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Officiating Dept. Video

Officiating video: diving runners, clock management, and penalty enforcement on tries



In this week’s officiating video, senior vice president of officiating Al Riveron touched on plays that cover a runner diving into the end zone, status of the game clock as time is close to expiring, and enforcing fouls during try attempts.

Runner diving toward the goal line

In the Sunday Night Football game from last week, Eagles quarterback Carson Wentz dove into the end zone on a two-point conversion, and it was initially ruled good by down judge Jim Mello. However, once the play went into replay, it was clear that Wentz’s knee touched the ground during his dive, prior to the ball breaking the plane of the goal line. When any runner dives forward, he will be treated in the same manner as if he was sliding to give himself up. Thus, once his knee hits the ground, the ball is dead. Although Wentz was not touched on this play, he is treated the same was as if he was giving himself up, and as a result, is down short of the goal line on this try. The ruling was correctly reversed in replay.

[icon name=”external-link”] Rule 7-2-1(d)(2)

Status of the game clock

As we saw the final sequence of the Bears-Broncos game, we wondered if Chicago was able to call a timeout prior to the game clock expiring. Although the game clock expired, Adrian Hill and his crew got together and added one second to the clock, allowing Chicago to kick a game winning field goal. Riveron explained that Bears receiver Allen Robinson caught a pass, and was touched down with one second remaining on the clock, and concurrently, a timeout was called from the Chicago sideline. Since the play ended with time still on the clock, Riveron confirmed the timeout was correctly granted to Chicago on the play.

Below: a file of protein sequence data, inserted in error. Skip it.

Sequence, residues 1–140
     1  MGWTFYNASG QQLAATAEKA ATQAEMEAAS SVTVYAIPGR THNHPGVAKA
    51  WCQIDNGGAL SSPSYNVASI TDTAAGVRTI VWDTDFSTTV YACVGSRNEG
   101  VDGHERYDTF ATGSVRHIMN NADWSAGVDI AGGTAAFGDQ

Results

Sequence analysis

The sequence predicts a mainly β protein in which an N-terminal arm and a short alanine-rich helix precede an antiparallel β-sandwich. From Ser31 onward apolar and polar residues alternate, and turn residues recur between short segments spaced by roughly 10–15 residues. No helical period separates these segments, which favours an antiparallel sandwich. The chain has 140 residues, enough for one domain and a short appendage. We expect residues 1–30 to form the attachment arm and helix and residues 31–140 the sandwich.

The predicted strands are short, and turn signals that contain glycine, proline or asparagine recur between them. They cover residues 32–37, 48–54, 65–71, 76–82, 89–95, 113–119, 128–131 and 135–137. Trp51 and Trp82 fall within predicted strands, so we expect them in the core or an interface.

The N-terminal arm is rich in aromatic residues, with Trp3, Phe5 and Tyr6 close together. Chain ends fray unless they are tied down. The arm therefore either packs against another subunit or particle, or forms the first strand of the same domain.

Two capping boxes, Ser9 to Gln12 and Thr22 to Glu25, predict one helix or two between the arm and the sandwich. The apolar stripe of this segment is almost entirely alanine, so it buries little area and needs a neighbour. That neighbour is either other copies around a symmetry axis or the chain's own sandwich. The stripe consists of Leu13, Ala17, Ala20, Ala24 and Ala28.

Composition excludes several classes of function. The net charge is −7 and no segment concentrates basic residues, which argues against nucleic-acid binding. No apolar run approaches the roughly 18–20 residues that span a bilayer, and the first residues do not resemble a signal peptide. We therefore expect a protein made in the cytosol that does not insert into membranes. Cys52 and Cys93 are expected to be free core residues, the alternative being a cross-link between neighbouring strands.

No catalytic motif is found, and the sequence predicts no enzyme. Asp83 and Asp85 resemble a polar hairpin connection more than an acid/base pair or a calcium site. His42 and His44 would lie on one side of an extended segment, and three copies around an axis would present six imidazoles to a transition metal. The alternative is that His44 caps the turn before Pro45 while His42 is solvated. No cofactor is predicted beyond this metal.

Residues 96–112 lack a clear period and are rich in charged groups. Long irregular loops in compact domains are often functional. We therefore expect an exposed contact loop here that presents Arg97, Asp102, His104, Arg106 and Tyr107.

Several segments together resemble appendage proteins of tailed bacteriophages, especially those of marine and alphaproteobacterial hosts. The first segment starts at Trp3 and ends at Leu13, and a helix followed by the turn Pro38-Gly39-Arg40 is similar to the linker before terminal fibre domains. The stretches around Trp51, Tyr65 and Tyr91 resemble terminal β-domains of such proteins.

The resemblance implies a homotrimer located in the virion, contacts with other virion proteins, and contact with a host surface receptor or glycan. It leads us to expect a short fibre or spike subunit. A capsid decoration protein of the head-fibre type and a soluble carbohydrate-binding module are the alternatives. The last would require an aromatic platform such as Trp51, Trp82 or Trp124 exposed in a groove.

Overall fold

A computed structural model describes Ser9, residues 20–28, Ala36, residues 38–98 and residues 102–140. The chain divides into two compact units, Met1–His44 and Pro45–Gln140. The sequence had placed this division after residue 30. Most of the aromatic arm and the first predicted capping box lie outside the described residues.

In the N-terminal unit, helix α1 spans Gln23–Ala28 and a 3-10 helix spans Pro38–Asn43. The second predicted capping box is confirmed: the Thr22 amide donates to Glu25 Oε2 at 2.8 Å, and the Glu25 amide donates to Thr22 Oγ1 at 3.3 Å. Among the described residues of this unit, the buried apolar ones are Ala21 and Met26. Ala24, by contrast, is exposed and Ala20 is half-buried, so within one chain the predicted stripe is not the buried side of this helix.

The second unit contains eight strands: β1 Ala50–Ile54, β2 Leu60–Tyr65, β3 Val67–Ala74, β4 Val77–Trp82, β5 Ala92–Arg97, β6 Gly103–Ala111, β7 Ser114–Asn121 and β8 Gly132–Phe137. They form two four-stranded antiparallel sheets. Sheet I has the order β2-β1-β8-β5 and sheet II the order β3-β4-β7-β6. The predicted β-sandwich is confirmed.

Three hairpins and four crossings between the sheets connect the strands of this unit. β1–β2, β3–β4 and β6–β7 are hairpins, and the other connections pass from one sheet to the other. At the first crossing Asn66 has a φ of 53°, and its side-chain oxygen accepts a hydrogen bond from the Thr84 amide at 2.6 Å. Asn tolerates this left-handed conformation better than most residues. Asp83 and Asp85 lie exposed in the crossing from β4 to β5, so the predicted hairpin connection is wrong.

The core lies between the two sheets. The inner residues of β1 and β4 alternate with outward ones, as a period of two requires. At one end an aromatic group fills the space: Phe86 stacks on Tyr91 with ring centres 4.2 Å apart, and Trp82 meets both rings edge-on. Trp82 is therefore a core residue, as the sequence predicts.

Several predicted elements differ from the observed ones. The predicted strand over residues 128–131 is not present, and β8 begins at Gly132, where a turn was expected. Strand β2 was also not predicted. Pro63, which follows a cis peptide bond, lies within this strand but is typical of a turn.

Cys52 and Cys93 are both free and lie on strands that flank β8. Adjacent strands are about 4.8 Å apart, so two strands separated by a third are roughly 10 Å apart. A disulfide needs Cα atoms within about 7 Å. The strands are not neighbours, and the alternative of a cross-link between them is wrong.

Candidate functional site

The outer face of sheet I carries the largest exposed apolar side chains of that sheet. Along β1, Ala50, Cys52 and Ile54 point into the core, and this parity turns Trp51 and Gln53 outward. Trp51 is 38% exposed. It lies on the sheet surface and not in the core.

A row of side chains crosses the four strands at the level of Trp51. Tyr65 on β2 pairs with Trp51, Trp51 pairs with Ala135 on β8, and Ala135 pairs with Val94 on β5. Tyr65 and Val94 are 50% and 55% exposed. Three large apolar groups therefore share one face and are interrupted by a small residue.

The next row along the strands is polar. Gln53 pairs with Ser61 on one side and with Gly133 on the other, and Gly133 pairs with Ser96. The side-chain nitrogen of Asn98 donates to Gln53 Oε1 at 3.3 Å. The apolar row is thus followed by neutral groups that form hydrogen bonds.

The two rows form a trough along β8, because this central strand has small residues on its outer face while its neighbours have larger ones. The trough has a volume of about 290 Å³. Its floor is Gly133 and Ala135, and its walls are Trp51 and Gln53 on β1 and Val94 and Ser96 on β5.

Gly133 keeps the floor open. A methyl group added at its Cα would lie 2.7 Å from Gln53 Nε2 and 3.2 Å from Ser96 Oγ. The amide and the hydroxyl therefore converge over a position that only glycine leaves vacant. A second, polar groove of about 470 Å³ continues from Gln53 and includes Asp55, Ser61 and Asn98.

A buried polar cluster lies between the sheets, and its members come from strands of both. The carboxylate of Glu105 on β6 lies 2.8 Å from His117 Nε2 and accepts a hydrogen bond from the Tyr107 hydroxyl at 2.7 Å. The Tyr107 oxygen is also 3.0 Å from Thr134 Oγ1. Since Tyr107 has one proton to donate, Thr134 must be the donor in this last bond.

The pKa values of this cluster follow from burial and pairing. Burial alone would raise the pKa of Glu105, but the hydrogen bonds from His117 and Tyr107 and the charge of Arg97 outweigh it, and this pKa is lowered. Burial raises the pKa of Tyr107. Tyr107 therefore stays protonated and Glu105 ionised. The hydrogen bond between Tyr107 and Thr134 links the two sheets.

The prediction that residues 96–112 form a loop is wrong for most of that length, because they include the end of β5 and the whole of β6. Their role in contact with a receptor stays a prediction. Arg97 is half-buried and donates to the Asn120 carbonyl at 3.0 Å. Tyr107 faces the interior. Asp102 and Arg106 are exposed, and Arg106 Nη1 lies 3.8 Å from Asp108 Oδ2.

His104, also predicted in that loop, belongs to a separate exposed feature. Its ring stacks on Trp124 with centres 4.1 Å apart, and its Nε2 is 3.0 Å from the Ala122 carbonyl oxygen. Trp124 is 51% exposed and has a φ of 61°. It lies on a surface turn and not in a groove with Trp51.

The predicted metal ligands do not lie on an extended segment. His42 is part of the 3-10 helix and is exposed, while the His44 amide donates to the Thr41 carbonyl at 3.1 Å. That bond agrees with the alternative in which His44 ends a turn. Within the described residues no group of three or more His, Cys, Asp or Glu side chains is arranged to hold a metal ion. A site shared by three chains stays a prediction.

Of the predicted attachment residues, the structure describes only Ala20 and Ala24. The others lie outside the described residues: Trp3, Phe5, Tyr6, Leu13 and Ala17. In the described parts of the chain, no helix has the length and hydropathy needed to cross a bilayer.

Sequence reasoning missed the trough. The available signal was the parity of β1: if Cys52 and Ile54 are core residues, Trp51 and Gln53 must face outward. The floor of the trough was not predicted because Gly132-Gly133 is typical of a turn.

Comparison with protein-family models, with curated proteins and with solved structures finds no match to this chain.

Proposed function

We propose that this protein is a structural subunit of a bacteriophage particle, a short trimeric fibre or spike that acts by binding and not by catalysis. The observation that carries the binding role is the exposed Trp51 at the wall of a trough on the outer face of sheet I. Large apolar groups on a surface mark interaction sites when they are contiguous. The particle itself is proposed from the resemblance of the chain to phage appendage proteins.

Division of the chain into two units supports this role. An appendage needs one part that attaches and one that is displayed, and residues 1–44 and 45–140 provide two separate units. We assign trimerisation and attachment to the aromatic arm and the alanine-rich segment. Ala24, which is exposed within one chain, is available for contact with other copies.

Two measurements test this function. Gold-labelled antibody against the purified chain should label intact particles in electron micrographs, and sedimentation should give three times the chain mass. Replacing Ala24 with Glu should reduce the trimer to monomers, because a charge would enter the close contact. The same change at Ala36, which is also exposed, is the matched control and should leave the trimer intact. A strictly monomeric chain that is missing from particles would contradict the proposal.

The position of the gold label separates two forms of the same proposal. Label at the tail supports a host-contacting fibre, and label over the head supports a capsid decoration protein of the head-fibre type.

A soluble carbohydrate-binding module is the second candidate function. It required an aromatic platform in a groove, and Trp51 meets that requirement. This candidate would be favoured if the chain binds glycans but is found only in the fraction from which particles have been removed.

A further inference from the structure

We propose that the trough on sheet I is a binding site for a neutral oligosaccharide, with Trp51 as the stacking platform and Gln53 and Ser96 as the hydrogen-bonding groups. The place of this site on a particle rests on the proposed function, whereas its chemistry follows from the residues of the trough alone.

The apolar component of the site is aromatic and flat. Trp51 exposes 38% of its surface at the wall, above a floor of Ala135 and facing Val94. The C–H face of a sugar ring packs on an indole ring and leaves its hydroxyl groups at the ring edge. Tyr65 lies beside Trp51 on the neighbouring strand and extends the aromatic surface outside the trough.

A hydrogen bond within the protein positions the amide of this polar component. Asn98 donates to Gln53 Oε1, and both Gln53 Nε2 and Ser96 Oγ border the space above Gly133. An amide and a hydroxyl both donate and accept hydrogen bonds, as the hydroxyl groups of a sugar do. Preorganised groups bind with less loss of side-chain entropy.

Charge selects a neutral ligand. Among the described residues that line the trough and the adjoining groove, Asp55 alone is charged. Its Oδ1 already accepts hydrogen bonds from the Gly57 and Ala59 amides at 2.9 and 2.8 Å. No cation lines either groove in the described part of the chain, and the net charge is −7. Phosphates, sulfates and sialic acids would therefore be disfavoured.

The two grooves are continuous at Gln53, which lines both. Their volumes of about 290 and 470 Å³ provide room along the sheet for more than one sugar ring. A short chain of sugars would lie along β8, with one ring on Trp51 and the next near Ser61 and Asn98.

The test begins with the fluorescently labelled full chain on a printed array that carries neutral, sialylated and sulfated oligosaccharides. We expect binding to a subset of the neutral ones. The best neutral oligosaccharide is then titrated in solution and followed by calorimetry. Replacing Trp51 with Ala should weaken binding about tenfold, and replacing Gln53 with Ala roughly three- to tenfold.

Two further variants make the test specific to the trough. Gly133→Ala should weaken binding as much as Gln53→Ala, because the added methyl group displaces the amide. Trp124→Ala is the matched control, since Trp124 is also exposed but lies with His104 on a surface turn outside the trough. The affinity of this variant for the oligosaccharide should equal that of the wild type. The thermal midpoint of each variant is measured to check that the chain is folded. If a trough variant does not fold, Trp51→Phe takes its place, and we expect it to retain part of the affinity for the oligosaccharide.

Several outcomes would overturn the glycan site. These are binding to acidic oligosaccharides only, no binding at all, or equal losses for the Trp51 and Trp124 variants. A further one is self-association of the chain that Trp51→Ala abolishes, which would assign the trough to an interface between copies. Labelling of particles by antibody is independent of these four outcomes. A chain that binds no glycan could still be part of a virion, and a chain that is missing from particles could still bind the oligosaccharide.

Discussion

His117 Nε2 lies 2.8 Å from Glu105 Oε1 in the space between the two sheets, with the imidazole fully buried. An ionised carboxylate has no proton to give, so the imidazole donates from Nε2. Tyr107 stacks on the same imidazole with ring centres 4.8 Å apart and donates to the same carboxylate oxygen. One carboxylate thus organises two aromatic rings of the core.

[icon name=”external-link”] Rule 7-2-1(d)(1)

Assessing fouls during the try

In another play from the Bears-Broncos game, while Denver was attempting a two-point conversion, their offense was called for delay of game. Instead of being backed up five yards on the run/pass conversion, Denver opted to be penalized five yards from the 15-yard line and attempt an extra-point kick instead. This extra point was missed, but Chicago was flagged for defensive offside. Under the rules, Denver is allowed to enforce the penalty for defensive offside on another kick attempt from the previous spot (the 20) or on a two-point conversion, moving up half the distance to the goal from the 2-yard line to the 1-yard line. When switching between the one- and two-point conversion spots, penalties on previous attempts are no longer applied, so the delay of game goes away.

Denver’s subsequent two-point conversion from the 1-yard line was successful.

[icon name=”external-link”] Rule 11-3-3

[icon name=”chevron-circle-right”] Everything you need to know about the point-after-touchdown rules

Cam Filipe is a forensic scientist from Massachusetts and has been involved in football officiating for 11 years. Cam is in his third season as a high school football official. This is his eighth season covering NFL officiating for Football Zebras.

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